Impressions: The Book of Eli

The book of Eli is pretty much exactly how you think it is going to be.  So, there isn’t a way I can really spoil it.  Just watch the previews and then fill in a few blanks.  Denzel Washington has a book and he is taking the book somewhere.  Bad people with big guns and rotten teeth want the book and Denzel Washington has the skills to cut off a few half-dozen heads in the time it takes for you to yell, “Damn!”  I mean, it is the Hughes Brothers.  Yeah, they did Menace to Society, but they also made Dead Presidents and that movie was re-Dunk-ulous.  So, the action and violence is there, but there is another thing that sneaks in.  A moral message, maybe?  An idea of the different concepts that keep society in check?  The politics of power dynamics?  What is the importance of books? Of words?  Is it the information inside these books, or the notion that these books do contain information and that the containment of information is possible, that the movement of information is our right, that the giving of information is what makes us human?  Is this movie talking about that?  Half way through the flick, I started to wonder if the movie had the answers, or was just hurling awesome images at me.  And, oh, Mila Kunis.  Yes, her too.  Spoilers ahead.  I’ll be completely ruining this movie for anyone who hasn’t seen it yet.

The thing about the Book of Eli is that you can pretty much completely understand the basic premise of it.  The world was subject to war.  The sky “opened up” and the sun burned everything and everybody, except those lucky enough to be stuck in a subway or something.   A lot of people died, the food all went gone, people started eating each other, etc.  We’ve seen all this, or read it before.  But the movie introduces something a bit different.  All Bibles, either after the war or before, were gathered and destroyed.  Except one.  And Eli has it.  A voice told him to, “Go West” with it and that is what he is doing, no matter who or what tries to stop him.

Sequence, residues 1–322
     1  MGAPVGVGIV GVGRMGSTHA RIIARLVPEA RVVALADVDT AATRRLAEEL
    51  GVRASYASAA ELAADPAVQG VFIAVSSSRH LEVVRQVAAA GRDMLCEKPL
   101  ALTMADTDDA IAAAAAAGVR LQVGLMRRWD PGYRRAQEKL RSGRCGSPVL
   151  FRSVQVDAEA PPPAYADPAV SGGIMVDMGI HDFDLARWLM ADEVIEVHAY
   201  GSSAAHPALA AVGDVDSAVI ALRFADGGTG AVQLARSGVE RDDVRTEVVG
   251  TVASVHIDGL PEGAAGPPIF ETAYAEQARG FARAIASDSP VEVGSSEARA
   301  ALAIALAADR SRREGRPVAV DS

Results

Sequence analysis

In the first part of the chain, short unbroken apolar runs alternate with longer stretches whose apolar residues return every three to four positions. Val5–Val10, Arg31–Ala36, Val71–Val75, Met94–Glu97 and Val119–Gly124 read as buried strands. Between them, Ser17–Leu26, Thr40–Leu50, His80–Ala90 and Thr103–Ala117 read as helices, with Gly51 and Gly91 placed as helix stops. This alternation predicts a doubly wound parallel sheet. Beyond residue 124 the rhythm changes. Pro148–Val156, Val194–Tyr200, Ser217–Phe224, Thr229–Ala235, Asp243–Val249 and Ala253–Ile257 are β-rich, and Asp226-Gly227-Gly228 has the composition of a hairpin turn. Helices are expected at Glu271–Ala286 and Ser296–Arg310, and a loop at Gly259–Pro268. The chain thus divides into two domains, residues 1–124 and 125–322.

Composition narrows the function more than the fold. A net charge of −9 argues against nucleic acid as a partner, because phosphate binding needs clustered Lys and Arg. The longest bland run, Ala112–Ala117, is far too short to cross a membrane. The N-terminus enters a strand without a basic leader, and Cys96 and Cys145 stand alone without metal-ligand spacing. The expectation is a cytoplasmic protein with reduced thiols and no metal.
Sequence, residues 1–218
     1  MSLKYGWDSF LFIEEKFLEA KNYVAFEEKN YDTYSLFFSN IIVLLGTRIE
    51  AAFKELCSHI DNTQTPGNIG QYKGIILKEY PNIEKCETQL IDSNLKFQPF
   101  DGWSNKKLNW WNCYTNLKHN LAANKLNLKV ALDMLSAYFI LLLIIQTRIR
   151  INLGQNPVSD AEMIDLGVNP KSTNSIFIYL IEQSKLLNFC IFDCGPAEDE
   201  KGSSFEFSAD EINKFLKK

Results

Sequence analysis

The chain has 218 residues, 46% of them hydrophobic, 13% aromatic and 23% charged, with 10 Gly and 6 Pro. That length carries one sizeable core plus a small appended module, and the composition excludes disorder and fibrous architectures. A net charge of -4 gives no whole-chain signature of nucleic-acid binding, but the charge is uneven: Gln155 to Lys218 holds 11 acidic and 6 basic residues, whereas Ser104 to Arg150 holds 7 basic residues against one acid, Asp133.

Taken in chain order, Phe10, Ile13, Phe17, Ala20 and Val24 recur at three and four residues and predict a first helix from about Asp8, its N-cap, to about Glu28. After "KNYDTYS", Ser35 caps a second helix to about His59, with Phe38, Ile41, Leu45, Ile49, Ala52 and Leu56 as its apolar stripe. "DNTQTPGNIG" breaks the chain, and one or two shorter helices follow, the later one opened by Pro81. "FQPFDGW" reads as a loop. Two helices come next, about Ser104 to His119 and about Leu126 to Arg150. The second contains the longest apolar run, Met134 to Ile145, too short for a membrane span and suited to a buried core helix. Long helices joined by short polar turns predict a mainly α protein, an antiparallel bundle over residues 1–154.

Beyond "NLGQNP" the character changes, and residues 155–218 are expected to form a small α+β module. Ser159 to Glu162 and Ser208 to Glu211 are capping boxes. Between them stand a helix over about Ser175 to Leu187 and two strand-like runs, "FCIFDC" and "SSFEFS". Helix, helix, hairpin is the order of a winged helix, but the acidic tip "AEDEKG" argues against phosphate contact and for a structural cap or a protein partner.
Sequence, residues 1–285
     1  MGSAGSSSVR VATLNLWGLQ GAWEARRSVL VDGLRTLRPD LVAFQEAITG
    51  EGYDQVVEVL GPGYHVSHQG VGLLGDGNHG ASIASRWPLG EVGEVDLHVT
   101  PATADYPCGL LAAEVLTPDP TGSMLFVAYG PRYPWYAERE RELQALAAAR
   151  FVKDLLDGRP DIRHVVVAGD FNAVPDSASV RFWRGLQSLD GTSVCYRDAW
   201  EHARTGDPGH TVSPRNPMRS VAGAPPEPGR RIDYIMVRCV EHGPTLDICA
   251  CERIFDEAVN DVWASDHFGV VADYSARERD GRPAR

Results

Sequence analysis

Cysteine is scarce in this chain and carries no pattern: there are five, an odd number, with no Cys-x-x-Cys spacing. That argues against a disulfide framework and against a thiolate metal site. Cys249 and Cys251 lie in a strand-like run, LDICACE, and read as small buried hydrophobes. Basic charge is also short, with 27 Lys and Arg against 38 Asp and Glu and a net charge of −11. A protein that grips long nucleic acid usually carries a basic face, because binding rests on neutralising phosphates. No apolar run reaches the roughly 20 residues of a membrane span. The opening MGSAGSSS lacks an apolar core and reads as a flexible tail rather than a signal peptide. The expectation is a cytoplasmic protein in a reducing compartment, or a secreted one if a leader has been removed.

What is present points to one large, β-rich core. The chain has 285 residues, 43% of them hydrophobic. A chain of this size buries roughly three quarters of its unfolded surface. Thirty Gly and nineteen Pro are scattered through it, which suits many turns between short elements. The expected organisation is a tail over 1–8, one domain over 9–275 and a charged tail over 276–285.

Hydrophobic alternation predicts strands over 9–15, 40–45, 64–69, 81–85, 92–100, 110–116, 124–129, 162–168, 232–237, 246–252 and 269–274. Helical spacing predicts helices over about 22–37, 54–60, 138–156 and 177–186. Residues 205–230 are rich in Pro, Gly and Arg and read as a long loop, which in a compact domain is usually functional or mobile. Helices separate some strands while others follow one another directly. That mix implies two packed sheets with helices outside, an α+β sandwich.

Did I mention that the Bible is in brill?

Did I also mention that Eli is blind?

Yep, that’s what I thought, too.  Of course, the movie doesn’t tell you any of that until the end of the movie, when Eli recites the Bible, word for word, so that it can be written down and copied for future generations.  So, once again, “Deus Ex Machina” is playing a crucial role in the fates of the hero in a piece of fiction.  And I think I know why, but that’s for later. Making Eli blind at the end of the movie is a very strange thing to do, and I’m not sure why they did it.  I mean, Eli is shooting people, and he is blind.  He is fighting ten guys at once and he’s blind.  I’m pretty sure the guy POINTS at something in the film.  It is like, blind?  Really? Maybe it is supposed to make the ending have more weight.  Maybe it is supposed to give us comfort, comfort that God is looking out for us, especially in times of our greatest need.  Or maybe it was just a cheap trick, just like Bruce Willis being a Ghost or the Matrix being a computer program.  Eh. Whatever.

I enjoyed it, though.  I enjoyed it immensely, and that’s because it was just a good flick.  Yeah, it was trying to be heavy handed and it didn’t really work, but the camera angles were solid, the directing was tight, watching Denzel Washington cut heads off is super fun, Gary Oldman is always the perfect villain and Mila Kunis is really hot. Give me two hours of all that and I’m as content as a cat with a ball of yarn, baby.

What I find fascinating is this surge of “faith based” Science Fiction that is working its way through the tubes lately. More and more, spirituality is a heavy role in these flicks.  Movies discussing the “Higher Powers” has always been around, but we’ve rarely seen so many movies where God is an active character, making sure that the hero does what needs doing for the greater good.  I don’t think it is a bad thing, really.  It is just intriguing what sparks creativity, what makes people spend hours and hours to slave over a movie, what sort of story they use to make their point, what they use to expose certain aspects of humanity.  I don’t think that The Book of Eli takes itself that seriously, and that muddles the message a bit in the end.  But, still, it is worth a good Sunday afternoon.